“Two years from now my family and I will be living in Italy. We will be sipping on limoncellos from our apartment balcony overlooking Rome.”
When Greg Redington made that announcement to our mastermind group during our perfunctory pre-meeting personal updates, it caught everyone’s attention. It wasn’t what we expected to hear. When one of us asks, “Anything cool going on?” the replies typically are one of the famous three: “Nah, nothing new,” “All is good,” or “I’ve got this weird pain in my [fill in the blank].” But Italy? Huh? WTF?
At first, we thought Greg was joking, that he was just making a flippant comment. When we realized he was serious, we were all taken aback.
“Greg, do you mean Italy, Italy? Like the boot-shaped country? Or are you talking about that new Little Italy neighborhood popping up in your town?” I asked, still confused about the prospect of leaving his booming business in New Jersey to head to another country, permanently. Or at least permanently enough that he was going to declare Rome as his new hometown and the Pantheon as his favorite stop for a morning cup o’ joe.
Greg is the founder of REDCOM Design & Construction LLC, a commercial construction management firm serving New York and New Jersey. He had grown his business into a substantial company, earning $25 million in annual revenue. He enjoyed the work tremendously, but the business was still dependent on him. Greg wanted more out of life and more time in his life. He wanted to be released from serving the QBR.
Greg’s gift is meticulousness. You see it in the way he dresses, the home he keeps, even in the way he talks. He is specific. He is detailed. He is exacting. REDCOM has built its reputation on that meticulousness. In an industry where construction errors, redos, and on-the-fly changes are commonplace, REDCOM does the project right from start to finish. They build magnificent structures, perfectly . . . you know, like the Pantheon, but in New Jersey. But up until this point, Greg was serving the QBR. As the final step of designing his business to run itself, he had to step out of serving the QBR. And he wanted to do it in grand fashion, by living out a long-held dream.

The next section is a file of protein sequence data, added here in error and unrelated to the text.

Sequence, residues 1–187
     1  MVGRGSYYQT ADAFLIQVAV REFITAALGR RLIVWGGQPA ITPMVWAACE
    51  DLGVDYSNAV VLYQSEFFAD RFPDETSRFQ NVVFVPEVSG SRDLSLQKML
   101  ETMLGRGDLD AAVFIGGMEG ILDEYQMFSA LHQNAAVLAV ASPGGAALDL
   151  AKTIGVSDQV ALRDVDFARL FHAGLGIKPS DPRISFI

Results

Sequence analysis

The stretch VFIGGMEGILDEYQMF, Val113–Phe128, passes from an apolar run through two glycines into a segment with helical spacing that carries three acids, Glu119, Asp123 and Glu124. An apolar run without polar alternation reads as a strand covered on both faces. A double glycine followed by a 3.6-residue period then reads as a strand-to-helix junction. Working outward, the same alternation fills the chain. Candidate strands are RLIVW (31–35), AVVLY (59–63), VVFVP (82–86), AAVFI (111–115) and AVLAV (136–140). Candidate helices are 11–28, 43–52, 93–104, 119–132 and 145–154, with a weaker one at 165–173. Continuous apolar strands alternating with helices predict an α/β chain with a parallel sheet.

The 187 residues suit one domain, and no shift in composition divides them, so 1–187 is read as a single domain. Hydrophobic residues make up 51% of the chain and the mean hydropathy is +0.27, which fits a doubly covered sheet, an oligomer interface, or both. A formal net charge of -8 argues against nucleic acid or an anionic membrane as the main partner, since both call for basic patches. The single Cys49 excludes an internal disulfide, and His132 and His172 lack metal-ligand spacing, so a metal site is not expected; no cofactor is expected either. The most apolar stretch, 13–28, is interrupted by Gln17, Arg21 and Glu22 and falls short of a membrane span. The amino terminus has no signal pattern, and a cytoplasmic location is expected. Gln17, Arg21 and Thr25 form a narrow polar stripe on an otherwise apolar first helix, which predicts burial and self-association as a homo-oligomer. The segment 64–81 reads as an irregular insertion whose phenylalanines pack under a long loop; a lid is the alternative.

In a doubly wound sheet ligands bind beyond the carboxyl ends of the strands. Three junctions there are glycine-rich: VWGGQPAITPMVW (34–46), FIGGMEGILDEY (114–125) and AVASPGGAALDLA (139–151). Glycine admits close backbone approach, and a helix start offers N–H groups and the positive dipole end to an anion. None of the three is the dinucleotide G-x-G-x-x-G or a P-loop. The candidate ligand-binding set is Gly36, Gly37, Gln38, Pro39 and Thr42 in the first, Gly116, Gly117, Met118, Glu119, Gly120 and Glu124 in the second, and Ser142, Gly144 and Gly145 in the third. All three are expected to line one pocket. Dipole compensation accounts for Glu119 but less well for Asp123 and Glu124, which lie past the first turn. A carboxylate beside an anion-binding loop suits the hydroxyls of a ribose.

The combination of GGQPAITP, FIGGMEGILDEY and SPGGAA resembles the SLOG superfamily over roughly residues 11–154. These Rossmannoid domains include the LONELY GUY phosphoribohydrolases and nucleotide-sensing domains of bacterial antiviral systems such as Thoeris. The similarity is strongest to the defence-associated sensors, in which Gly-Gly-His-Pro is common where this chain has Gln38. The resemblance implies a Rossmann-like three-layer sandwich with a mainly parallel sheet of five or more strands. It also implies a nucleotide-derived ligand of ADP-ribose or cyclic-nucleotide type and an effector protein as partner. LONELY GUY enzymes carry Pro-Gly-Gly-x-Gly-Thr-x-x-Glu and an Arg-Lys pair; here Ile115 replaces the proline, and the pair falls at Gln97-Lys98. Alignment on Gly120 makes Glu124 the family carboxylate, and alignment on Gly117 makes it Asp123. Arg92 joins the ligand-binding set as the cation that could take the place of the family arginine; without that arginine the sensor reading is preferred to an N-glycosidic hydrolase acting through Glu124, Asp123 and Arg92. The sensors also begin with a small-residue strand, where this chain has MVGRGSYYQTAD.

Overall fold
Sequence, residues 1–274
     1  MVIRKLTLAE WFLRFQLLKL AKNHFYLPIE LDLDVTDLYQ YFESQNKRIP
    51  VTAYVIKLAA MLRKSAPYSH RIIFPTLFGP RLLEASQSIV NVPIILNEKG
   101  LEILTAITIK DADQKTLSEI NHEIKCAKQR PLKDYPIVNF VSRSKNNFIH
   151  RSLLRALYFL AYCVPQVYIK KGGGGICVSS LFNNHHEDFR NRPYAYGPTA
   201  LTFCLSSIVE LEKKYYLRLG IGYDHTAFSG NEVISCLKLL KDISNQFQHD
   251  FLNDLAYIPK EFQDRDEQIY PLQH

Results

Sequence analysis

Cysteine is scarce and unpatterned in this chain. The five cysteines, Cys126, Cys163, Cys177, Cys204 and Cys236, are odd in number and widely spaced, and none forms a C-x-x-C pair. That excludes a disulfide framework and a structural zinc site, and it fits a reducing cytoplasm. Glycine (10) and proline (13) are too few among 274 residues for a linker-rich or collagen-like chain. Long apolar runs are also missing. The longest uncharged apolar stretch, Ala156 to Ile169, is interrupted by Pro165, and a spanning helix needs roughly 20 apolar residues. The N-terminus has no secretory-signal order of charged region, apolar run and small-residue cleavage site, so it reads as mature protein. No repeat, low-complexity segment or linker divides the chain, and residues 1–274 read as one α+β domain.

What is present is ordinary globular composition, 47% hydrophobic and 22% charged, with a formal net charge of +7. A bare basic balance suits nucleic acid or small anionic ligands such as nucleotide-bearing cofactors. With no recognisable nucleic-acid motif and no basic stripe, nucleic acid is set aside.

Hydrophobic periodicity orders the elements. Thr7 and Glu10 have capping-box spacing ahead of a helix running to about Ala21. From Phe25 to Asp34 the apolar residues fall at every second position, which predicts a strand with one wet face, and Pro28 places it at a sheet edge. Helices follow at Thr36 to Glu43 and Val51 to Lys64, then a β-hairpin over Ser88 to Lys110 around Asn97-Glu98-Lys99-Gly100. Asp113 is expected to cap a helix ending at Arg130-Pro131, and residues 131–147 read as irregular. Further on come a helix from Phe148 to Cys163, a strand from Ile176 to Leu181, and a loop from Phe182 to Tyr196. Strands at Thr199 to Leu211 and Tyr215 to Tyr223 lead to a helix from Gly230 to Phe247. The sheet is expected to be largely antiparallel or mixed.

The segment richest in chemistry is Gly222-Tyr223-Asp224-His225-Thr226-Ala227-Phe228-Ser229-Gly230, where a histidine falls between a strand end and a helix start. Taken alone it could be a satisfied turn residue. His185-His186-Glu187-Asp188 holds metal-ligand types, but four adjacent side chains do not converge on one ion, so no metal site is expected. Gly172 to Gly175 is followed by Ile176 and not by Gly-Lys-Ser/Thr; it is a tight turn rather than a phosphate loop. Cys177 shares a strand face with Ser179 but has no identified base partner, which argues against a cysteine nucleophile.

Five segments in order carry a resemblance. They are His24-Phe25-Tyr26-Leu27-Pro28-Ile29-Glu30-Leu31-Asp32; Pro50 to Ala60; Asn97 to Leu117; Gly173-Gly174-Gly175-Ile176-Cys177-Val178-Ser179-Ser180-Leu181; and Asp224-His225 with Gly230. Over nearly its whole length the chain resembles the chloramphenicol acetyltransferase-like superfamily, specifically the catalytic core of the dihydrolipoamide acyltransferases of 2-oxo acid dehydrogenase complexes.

When my fellow masterminders pushed Greg for more details, he explained that he had wanted to move his family to Rome, Italy, for a year. To do that, he committed to the final stage of establishing a Clockwork business. He removed himself from his business, to a point where it had to stand on its own. And the result was astonishing. Greg returned from Italy after two years, to a business that was now double its size, doing $50 million in annual revenue and with double the staff.
That’s what I’m working toward, and what I call on you to work toward. Not the number, but the freedom where you can leave the business and have it still drive forward. You’ve already made significant headway in that direction. You’ve gone through the seven-step process, and hopefully, you’ve already started to see improvements in business efficiency. You’ve calmed your mind and developed systems. Heck, just by reading this book all the way through you’re further along than most entrepreneurs. It is time to schedule your four-week vacation.
You can do this. I promise you, you can. And sure, maybe some people will think you’re joking when you tell them your plan. You may get pushback from your friends, who may be jealous because, for whatever reason, they are not able to take a four-week vacation. You may get strong pushback from your family, who may be nervous about money. And you may—scratch that, you surely will—get pushback from your colleagues, who don’t believe that taking a four-week vacation is possible or deserved for business owners. It’s okay. In my experience, pushback from others is usually a sign that you’re doing something that challenges the preprogrammed, drone-like mind-set that asserts things need to be the way they always were. Of course, you’ll want to address your family’s concerns about money so that they can enjoy the vacation (cough, read Profit First, cough cough), but ignore the rest. You’ve worked the system, and now you’re going to reap the rewards.
Even if all you do with your four weeks off is sit in your backyard and watch the squirrels, you and your business will be better for it. After all, if your business can hold its own—and even experience growth—with you out of the picture, how much easier will it be to run your business when you get back? (Answer: Heaps. Tons. Loads easier.)
Excerpted from Clockwork: Design Your Business to Run Itself by Mike Michalowicz with permission of Portfolio, an imprint of Penguin Publishing Group, a division of Penguin Random House LLC. Copyright © Mike Michalowicz, 2018.